Last Monday, a lawyer in Georgia issued a proclamation so grandiose that readers could be forgiven for thinking it came from the Pope himself. The writer was Erick Erickson, editor of the blog Red State. In a post titled “The Absolution I Cannot Give,” he intoned:
“In the past 48 hours I have had call after call after call from members of the United States Congress. They’ve read what I’ve written.They agree. But they feel the hour is short and the end is nigh.So some are calling looking for alternatives. Some are calling looking for energy. Many are calling looking for absolution. And so I address them and put it here so you can see my advice. I can give no absolution for what you may be about to do. I can offer no alternatives.”
Republicans in Congress were begging a blogger for permission to vote for the best interests of the country by raising the debt ceiling. If you don’t follow the conservative blogosphere you might have wondered just who is this person was and how he became so important.
(Erickson did not name the representatives calling him, although Representative Joe Walsh (R-IL) confirmed that his office gets advice from Erickson.)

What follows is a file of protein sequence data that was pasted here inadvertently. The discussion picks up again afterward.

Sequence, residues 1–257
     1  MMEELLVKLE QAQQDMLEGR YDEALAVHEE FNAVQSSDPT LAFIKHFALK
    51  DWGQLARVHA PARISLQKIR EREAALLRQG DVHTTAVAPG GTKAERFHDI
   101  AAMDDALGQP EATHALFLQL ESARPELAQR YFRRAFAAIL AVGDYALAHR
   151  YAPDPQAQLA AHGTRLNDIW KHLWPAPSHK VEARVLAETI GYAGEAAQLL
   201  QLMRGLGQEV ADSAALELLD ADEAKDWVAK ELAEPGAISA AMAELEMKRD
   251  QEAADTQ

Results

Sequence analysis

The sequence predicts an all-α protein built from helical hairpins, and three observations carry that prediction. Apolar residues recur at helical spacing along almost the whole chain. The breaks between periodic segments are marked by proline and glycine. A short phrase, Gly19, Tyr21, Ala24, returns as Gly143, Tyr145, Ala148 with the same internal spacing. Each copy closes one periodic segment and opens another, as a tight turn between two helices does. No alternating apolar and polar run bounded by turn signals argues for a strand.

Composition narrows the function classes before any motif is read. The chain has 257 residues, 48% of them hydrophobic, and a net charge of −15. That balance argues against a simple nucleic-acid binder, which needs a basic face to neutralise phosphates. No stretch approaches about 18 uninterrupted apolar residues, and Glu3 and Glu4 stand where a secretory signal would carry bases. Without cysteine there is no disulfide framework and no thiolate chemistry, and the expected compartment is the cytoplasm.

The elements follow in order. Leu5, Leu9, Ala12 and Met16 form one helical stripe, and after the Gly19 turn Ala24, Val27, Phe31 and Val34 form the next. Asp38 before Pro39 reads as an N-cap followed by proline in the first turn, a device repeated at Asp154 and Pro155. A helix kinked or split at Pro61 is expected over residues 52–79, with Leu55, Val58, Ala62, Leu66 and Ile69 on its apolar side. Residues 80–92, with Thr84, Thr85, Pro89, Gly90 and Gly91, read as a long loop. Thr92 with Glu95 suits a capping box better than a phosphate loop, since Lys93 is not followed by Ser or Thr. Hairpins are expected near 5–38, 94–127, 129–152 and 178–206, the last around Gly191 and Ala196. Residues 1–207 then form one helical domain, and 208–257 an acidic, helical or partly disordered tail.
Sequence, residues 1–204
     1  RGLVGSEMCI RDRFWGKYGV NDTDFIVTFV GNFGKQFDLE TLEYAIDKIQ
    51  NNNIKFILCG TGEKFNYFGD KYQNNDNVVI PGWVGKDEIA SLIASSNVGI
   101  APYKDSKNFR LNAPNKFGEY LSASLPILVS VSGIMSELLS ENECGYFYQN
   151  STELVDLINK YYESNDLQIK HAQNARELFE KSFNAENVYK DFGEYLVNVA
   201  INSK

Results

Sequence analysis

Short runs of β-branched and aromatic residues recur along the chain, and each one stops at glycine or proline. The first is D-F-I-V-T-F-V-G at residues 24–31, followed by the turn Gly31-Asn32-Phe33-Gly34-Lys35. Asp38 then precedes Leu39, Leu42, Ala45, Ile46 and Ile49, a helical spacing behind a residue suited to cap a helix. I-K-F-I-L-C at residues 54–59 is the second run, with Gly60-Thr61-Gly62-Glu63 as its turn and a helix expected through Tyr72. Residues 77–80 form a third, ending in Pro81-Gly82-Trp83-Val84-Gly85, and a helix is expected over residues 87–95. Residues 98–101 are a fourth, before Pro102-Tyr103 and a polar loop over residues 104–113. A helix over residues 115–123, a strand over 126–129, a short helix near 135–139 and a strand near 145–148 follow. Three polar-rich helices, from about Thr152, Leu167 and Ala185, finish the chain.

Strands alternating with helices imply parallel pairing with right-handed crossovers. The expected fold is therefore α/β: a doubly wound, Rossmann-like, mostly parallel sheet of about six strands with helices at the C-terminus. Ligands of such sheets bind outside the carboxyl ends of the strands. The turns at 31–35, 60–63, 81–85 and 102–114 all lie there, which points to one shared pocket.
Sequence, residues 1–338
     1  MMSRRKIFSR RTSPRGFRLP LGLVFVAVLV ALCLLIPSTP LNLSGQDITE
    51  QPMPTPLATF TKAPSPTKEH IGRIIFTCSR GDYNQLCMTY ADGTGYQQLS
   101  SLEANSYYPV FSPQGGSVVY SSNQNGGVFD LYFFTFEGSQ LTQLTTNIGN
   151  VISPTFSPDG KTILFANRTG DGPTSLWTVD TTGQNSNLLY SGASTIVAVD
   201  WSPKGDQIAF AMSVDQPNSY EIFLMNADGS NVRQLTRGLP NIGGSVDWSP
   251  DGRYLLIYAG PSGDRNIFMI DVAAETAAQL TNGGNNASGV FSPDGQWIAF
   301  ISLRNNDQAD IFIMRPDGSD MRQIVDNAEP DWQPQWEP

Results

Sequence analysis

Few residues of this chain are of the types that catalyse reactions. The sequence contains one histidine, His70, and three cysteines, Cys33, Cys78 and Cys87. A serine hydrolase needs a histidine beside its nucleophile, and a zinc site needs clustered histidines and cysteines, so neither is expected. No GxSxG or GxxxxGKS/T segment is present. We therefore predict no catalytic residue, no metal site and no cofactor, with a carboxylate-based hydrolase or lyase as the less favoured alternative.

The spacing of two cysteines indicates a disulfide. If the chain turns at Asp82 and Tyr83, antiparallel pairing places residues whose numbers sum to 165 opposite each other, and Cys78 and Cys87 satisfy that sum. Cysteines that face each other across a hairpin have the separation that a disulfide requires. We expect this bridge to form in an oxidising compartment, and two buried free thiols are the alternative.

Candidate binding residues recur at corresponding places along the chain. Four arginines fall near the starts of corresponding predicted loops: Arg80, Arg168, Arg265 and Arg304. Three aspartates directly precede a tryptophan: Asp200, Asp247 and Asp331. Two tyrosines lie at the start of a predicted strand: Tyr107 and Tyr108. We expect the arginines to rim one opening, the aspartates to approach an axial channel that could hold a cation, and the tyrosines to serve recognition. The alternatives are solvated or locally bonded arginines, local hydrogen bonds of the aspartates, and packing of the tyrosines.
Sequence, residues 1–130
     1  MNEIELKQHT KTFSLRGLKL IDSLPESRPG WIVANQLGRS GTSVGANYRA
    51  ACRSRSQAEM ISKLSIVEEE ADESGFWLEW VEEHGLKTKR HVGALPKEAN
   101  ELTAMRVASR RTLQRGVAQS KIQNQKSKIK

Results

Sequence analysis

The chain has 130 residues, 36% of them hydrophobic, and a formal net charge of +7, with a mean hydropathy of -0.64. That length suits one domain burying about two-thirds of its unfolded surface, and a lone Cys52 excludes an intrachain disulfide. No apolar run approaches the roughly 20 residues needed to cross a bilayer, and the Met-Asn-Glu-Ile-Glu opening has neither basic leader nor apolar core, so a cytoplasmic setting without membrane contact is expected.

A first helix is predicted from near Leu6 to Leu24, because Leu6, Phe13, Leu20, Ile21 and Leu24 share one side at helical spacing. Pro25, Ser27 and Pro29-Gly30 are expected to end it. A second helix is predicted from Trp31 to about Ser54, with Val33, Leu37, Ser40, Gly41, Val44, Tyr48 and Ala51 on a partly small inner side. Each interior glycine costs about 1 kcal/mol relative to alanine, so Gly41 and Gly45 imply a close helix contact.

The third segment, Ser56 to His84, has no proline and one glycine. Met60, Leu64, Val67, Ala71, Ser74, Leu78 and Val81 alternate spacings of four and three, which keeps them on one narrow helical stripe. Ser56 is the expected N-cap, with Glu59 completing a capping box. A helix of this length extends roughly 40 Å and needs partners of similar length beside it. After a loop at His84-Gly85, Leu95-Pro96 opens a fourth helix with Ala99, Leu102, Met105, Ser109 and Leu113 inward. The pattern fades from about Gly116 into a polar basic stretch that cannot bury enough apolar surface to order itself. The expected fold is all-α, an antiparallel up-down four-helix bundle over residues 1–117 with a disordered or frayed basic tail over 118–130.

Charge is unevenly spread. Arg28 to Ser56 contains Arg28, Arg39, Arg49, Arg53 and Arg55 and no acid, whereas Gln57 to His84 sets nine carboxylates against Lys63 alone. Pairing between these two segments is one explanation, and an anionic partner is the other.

Erickson’s advice is aggressively partisan. Two weeks ago he assured House Republicans that the political fallout from an economically catastrophic default would fall on President Obama, writing:
“As I pointed out to John Boehner yesterday, despite what the pundits in Washington are telling you, it is you and not Obama who hold most of the cards. Obama has a legacy to worry about. Should the United States lose its bond rating, it will be called the ‘Obama Depression’. Congress does not get pinned with this stuff.”
In other words Erickson was encouraging Republicans to destroy the economy on the grounds that it would redound to their political benefit.
How did someone whose only experience in public office has been serving on the Macon, Georgia, city council become an advisor to national Republicans? It’s important to understand that Erickson isn’t just a blogger. “He’s an activist and a media figure,” says one Republican consultant. “Describing him as a blogger is inadequate.” Although Erickson’s rise from obscurity was through Red State, he has a much larger media footprint than just its 178,000 monthly visitors and one million monthly page views. Since April 2010 Erickson has been a regular contributor to CNN. He replaced Herman Cain as host of Cain’s radio show, popular among conservatives, when the former Godfather’s Pizza CEO began his presidential campaign. He also frequently guest hosts for conservative radio host Neal Boortz, meaning Erickson broadcasts for five hours daily.